Much of the debate on whether European colonisation of Australia resulted in genocide, centres on whether "the term 'genocide' only applies to cases of deliberate mass killings of Aboriginal people by European settlers, or ... might also apply to instances in which many Aboriginal people were killed by the reckless or unintended actions and omissions of settlers".[61] Historians such as Tony Barta argue that for the victim group it matters little if they were wiped out as part of a planned attack. If a group is decimated as a result of smallpox introduced to Australia by British settlers, or introduced European farming methods causing a group of Aboriginal people to starve to death, the result is, in his opinion, genocide.[62]

Henry Reynolds points out that European colonists and their descendants frequently use expressions that included "extermination", "extinction", and "extirpation" when discussing the treatment of Aboriginal people during the colonial period, and as in his opinion genocide "can take many forms, not all of them violent".[63] Janine Roberts has argued that genocide was Australian policy, even if only by omission. She notes that despite contemporary newspapers regularly decrying "the barbarous crop of exterminators", and "a system of native slaughter ... merciless and complete", the government contended that "no illegal acts were occurring", with the worst incidents being described as merely "indiscretions".[64]

The political scientist Kenneth Minogue and other historians such as Keith Windschuttle disagree and think that no genocide took place.[65][66] Minogue does not try to define genocide but argues that its use is an extreme manifestation of the guilt felt by modern Australian society about the past misconduct of their society to Aboriginal people. In his opinion its use reflects the process by which Australian society is trying to come to terms with its past wrongs and in doing this Australians are stretching the meaning of genocide to fit within this internal debate.[67]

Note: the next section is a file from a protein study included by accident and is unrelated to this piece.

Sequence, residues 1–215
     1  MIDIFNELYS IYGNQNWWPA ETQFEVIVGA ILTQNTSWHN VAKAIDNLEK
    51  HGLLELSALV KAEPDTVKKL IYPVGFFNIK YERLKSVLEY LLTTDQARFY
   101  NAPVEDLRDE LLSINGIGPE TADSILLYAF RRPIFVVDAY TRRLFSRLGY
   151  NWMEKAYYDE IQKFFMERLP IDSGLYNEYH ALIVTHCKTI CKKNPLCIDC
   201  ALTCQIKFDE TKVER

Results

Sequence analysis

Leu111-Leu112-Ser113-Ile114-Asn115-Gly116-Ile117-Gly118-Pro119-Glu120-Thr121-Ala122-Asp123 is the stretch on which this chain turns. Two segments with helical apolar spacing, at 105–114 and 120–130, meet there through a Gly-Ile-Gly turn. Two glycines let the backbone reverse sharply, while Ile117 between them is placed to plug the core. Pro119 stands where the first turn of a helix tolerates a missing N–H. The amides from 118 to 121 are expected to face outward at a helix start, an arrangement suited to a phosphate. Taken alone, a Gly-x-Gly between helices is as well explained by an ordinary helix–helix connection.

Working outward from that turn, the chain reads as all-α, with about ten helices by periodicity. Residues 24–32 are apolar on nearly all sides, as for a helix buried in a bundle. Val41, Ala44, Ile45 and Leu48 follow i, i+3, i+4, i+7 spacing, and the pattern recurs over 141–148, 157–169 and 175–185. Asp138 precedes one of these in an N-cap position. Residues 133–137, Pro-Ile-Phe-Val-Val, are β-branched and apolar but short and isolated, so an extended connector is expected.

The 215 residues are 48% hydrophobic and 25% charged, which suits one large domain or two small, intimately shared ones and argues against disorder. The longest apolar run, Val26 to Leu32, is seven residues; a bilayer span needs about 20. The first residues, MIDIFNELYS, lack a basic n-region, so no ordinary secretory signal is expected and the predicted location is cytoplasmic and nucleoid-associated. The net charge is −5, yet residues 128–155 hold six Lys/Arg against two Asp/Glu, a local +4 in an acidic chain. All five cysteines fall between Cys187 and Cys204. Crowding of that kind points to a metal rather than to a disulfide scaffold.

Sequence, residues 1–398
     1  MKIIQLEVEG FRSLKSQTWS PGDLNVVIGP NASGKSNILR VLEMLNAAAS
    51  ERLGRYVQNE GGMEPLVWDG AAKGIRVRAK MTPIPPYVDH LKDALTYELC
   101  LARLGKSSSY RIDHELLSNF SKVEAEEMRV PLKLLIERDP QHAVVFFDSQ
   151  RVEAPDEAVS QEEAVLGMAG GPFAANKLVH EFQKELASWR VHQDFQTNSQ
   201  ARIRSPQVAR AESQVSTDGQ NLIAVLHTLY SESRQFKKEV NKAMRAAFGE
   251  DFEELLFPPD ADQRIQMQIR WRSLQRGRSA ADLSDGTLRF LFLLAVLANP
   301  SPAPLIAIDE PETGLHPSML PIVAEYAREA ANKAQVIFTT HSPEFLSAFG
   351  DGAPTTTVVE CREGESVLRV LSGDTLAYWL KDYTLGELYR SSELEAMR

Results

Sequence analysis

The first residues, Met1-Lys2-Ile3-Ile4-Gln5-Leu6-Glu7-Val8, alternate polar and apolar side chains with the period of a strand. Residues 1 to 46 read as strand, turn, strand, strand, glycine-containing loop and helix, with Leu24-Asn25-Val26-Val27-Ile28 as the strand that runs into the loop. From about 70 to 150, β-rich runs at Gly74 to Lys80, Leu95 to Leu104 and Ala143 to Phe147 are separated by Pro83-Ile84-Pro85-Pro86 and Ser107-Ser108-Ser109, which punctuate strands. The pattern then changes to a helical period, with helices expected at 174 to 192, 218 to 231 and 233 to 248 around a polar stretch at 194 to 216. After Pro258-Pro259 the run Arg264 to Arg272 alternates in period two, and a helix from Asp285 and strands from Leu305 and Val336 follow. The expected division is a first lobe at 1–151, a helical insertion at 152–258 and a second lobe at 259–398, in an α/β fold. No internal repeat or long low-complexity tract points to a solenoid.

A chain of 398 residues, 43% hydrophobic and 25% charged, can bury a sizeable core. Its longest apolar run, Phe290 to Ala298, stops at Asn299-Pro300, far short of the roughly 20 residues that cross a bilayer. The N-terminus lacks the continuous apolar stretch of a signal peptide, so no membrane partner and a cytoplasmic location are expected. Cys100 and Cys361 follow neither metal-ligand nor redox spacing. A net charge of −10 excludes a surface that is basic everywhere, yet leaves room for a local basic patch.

In the April 2008 edition of The Monthly, David Day wrote further on the topic of genocide. He wrote that Lemkin considered genocide to encompass more than mass killings but also acts like "driv[ing] the original inhabitants off the land ... confin[ing] them in reserves, where policies of deliberate neglect may be used to reduce their numbers ... Tak[ing] Indigenous children to absorb them within their own midst ... assimilation to detach the people from their culture, language and religion, and often their names."[68]

Controversy over smallpox in Australia[edit]

The arrival of smallpox in Australia is of uncertain origin and is a major theme in the history wars. The lack of immunity among Aboriginal Australians to introduced diseases saw smallpox or some related disease inflict a devastating toll on the Aboriginal population. Though the First Fleet itself did not arrive with any known carriers of the disease, the observation of an epidemic, usually taken to be smallpox, among the Aboriginal population of Sydney around 16 months after the British arrived has led to speculation that the Fleet itself brought this disease to Australia. Some historians have suggested that the disease may have been either released by accident or via theft of medicine stores. Inoculation was commonly practised by surgeons decades before 1796 and even after the process of smallpox vaccination was introduced by Edward Jenner. Dried smallpox scab was thus commonly stored in glass containers as part of a surgeon's remedies.[69]